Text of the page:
The domestic cats involved in this study roamed to neighbouring properties, road verges, adjacent bushland and some cats were observed to impact the local wildlife through predation. The results of the study show that even the domestic cats that do not leave their property boundary often, still have the capacity to negatively impact native wildlife. This suggests that the management of the domestic cats could do with improvement. We encourage all domestic cat owners to consider managing their domestic cats in a manner that will protect our native wildlife.
Responsible cat management options include:
- De-sex your cat to prevent it from adding to the feral cat population
- Microchip and register your cat with the Alice Springs Town Council so that it can be returned to you if it goes missing
- Keep your cat indoors so that it is not a nuisance to neighbours and does not negatively impact the local wildlife
- Install an outdoor cat play area to provide your cat with environmental stimuli that won’t impact on the local wildlife
- Provide toys and play options for your cat to keep it stimulated indoors
- Fit your cat with a bell, luminescent scrunchie, sonar or other device to alert wildlife to its presence
- Provide food ad libitum so that your cat has adequate access to food, to limit its dependence on wildlife as a food source
- Don’t release unwanted animals into the bush
The full Domestic Cat Monitoring and Awareness results report can be found on the Land for Wildlife website: wildlife.lowecol.com.au/about/projects/catmonitoring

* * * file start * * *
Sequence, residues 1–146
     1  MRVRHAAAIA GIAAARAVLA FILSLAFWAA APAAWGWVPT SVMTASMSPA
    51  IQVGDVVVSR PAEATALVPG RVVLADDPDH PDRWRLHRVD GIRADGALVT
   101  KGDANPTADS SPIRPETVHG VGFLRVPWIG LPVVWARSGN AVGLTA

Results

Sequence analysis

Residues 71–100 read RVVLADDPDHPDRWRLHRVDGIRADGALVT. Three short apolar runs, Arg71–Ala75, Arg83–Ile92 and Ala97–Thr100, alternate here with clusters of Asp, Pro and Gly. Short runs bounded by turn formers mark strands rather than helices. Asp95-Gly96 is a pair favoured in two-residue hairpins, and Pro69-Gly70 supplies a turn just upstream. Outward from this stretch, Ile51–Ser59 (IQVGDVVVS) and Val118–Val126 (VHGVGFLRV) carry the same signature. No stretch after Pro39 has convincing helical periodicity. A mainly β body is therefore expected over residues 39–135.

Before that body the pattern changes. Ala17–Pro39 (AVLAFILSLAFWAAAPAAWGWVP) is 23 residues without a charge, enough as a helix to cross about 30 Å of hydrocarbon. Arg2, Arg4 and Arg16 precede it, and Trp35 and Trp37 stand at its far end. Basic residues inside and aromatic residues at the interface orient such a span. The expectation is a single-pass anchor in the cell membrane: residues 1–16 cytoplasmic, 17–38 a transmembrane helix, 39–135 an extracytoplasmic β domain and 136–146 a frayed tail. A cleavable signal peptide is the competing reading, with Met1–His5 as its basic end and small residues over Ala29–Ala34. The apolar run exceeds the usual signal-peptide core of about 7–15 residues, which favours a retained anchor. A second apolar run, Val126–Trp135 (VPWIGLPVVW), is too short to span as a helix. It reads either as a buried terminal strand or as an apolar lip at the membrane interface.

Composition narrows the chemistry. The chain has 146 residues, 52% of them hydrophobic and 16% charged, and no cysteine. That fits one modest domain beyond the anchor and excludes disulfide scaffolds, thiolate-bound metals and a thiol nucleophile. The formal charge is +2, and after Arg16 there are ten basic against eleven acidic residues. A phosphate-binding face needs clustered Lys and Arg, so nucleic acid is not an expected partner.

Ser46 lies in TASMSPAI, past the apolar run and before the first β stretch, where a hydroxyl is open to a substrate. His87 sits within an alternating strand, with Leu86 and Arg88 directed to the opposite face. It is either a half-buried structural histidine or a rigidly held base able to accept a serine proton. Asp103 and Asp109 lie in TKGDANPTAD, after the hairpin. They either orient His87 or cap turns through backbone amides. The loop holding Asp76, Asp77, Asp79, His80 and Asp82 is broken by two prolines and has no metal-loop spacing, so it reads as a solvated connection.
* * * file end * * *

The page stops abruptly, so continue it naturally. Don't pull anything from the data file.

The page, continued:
This project is supported by Territory Natural Resource Management, through funding from the Australian Government’s National Landcare Programme.
Fire has been an integral part of central Australian arid ecosystems for thousands of years. Fire is used by humans as a hunting aid, for signalling presence, for warmth and for cooking. Fire has a positive effect on germination of ephemeral plants, and is also known to be important for germination of many tough-coated seeding plants in central Australia (such as Hakea sp. and Greveilla sp.). As a result, many plant species have evolved to cope with periodic fire disturbance.
However, in central Australia, Buffel Grass (Cenchrus ciliaris) has changed the way that the land burns and so fuel reduction burning and slashed firebreaks are more important than ever. Buffel Grass grows fast following heavy rains, it generally out-competes native grasses (producing a thick monoculture), and when it burns – it burns hot and fast. Consequently, the presence of Buffel Grass can be problematic for controlling fire.
Lately (or not so lately?), Alice Springs has seen a spurt of fire in the Todd River, which has got many residents concerned about the fragility of the old River Red Gums (Eucalyptus camaldulensis). The death of River Red Gums in the Todd River is saddening, as it means a loss of habitat for many of the amazing hollow-nesting birds and bats in the region. But there is a sentimental value to the beauty of the trees as well, which many long-term residents are keen to protect. Several of the large trees have cultural value to local Indigenous groups, which also warrants their protection from fire.